Interiors Trend: Herringbone Floors |

Interiors Trend: Herringbone Floors

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The ultimate choice for a luxury look, herringbone flooring – or parquet as it’s also known – is currently a big deal in the interiors world. Fresh, versatile and chic, the staggered chevron pattern mixes harmoniously with a range of vintage and modern styles.

The trend is high profile on Pinterest and even with a little wear and tear, it still looks a dream. However, it doesn’t come cheap so if you’re planning on working the trend in your own home there are plenty of things to consider. We turned to our expert panel for their tips on the classic flooring look.

When we’re in need of advice, we turn to Debra Kacher of DK Interiors. Known for cool, minimalist designs with a sophisticated edge, here are Debra’s tips…

Choosing your colour

The colour you choose should depends on the amount of natural light and the style of the property – greys always look contemporary, natural oak can look both classic and contemporary and warm woods are slightly more classic. You’ll need the colour of the timber to be sympathetic to the style of the surroundings and overall visual direction of the interiors.

How to maintain it

Timber flooring including herringbone is easy to maintain, a good vacuum – no sharp attachments as these will scratch the surface – a quick sweep and a damp not wet mop will do the trick but remember, no washing with water.

Choose natural wood over vinyl

Herringbone is slightly more expensive than other flooring types as it’s more labour intensive to lay but it’s so worth the cost. If you really want to opt for a more affordable vinyl option instead, Amtico Herringbone is great, but nothing substitutes real timber for quality and that luxury finish.

Factor in the cost

Herringbone can start at approximately £50 per square metre + vat. You’ll need to consider the room size and shape, and whether a border is required. A single or double border gives a more classic and traditional look, so if you’re after a more contemporary scheme, keep it borderless.

Either way, the skirting needs to be removed for laying, this way when the flooring is installed, you’ll achieve a good clean edge. The longer and slightly wider the herringbone planks, the more contemporary it will look but you don’t need to go too long or wide – a good proportion is 6ocm L x 10cm W.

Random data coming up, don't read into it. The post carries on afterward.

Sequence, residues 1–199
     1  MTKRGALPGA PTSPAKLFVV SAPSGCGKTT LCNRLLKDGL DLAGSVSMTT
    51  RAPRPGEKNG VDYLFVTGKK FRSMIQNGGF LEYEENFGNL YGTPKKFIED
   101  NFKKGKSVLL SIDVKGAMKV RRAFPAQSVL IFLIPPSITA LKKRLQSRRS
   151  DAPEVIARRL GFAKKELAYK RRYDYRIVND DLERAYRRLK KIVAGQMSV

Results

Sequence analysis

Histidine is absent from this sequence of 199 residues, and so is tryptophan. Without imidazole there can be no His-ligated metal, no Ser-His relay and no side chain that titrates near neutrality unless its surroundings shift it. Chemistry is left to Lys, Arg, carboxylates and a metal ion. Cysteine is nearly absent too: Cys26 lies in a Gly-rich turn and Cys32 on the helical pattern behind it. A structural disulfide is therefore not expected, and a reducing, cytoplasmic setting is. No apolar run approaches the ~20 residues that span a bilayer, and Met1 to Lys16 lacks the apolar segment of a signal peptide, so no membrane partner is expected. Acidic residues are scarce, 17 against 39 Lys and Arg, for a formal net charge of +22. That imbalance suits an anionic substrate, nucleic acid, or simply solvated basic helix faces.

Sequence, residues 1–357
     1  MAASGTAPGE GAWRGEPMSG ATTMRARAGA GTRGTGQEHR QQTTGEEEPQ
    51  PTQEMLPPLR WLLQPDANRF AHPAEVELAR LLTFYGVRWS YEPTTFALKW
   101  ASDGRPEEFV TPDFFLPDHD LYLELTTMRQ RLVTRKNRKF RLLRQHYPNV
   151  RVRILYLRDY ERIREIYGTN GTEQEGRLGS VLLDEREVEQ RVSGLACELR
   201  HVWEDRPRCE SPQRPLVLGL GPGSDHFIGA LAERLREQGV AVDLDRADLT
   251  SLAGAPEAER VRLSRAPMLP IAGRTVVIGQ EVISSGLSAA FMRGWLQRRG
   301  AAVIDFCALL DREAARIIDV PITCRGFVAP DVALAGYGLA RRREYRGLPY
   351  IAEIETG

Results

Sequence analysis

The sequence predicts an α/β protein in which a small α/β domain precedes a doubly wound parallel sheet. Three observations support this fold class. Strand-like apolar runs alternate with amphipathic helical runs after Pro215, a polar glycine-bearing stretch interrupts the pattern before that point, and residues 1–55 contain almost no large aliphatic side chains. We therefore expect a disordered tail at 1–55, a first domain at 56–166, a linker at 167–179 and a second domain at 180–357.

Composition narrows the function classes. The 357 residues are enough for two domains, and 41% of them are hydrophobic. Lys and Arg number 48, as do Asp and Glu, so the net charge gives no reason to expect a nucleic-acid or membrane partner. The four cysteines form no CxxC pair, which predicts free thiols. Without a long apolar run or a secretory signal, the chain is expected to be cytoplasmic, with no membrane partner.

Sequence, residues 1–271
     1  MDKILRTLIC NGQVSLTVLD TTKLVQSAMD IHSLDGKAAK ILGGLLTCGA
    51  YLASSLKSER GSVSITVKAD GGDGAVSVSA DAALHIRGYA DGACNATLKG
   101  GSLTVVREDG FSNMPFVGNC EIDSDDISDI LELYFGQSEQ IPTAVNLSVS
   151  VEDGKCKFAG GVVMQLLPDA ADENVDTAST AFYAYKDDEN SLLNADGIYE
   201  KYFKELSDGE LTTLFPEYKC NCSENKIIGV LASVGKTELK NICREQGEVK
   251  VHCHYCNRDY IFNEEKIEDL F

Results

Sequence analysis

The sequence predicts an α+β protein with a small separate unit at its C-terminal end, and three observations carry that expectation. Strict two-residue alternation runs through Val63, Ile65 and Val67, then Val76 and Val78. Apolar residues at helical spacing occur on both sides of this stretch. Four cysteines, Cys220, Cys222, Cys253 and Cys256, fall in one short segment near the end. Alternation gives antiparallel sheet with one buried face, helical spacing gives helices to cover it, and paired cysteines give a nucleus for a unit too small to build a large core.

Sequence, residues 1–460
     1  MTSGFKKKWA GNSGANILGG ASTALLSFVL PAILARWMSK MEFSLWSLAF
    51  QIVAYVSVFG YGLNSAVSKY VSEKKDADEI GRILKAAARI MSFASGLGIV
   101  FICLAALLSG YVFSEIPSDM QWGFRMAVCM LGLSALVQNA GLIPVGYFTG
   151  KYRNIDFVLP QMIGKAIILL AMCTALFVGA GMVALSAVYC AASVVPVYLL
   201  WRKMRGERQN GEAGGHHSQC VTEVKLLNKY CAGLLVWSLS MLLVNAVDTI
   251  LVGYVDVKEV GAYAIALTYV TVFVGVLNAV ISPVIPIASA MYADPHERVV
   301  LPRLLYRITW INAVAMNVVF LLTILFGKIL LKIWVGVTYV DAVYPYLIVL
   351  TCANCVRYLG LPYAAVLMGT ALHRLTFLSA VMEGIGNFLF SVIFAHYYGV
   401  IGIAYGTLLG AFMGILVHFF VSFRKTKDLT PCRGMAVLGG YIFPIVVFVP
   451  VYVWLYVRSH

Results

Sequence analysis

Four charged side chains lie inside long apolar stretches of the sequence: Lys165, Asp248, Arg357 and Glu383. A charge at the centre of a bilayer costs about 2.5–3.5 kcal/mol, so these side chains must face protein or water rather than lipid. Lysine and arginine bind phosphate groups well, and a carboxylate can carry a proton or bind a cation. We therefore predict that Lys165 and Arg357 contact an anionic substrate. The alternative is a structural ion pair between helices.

Emma Hooton from Emma Hooton Bespoke Residential Interior Design’s aesthetic blends boutique hotel chic with sprawling country house style, so we asked the talented designer for her advice on how to work the trend…

Make your hallway stand out

Herringbone flooring looks impressive in entrance hallways, as it then feeds off to other areas that might be tiled or carpeted for a contrasting finish. It creates an interesting, layered look and feel, particularly useful in new-build houses where the blank interior is screaming out for splash of character. As it has quite an old school feel to it, it lends itself to study or library rooms, and when paired with colourful, handmade flat-weave rugs, gives interest to a scheme. 

Opt for greys or soft blacks

For the cool, country-inspired look, we would always go for a grey or soft black stain to work as a neutral basis. Avoid orange toned oaks, and if you prefer the real wood look then a deep dark brown would be a good option.

How to look after it

This style of flooring is no more demanding than other types of wood.  Some manufacturers will use a fine matte lacquer finish to their products which makes it super durable. Others will leave the finish natural to develop a patina over time – a natural finish can always be sanded and refinished should stains or scratches occur. 


Inspired by minimalist Japanese aesthetics with a British twist, Rachel Laxer of Rachel Laxer Interiors gives us her tips on parquet flooring…  

Add decadence to dining rooms